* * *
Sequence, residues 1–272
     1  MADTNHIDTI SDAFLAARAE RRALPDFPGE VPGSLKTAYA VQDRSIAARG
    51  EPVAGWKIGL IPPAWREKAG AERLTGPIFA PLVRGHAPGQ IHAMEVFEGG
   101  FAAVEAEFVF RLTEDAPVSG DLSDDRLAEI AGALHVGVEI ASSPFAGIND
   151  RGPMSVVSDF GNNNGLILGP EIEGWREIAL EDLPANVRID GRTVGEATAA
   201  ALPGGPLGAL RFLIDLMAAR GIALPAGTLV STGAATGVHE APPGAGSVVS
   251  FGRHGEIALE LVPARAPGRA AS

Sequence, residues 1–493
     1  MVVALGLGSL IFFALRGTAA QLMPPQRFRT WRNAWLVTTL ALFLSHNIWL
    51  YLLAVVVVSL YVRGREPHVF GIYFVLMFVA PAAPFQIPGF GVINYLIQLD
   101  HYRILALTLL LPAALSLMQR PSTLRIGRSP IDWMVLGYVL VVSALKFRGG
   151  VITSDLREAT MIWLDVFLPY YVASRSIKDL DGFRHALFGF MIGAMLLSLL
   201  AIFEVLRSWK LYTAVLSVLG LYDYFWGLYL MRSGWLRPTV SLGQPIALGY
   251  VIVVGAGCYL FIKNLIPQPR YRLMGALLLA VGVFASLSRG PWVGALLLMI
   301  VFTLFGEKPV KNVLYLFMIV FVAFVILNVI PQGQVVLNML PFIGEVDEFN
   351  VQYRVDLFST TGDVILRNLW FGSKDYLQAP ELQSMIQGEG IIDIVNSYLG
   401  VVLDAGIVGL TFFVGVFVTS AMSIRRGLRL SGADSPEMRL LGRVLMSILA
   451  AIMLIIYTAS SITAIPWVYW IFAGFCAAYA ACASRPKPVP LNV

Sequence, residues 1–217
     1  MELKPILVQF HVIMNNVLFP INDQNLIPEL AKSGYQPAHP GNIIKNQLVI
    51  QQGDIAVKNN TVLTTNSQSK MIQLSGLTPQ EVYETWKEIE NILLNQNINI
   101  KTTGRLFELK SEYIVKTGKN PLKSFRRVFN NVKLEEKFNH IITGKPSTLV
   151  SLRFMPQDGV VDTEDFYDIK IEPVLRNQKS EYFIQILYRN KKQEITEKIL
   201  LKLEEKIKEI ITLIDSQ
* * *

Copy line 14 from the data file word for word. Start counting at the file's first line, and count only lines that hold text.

   251  VIVVGAGCYL FIKNLIPQPR YRLMGALLLA VGVFASLSRG PWVGALLLMI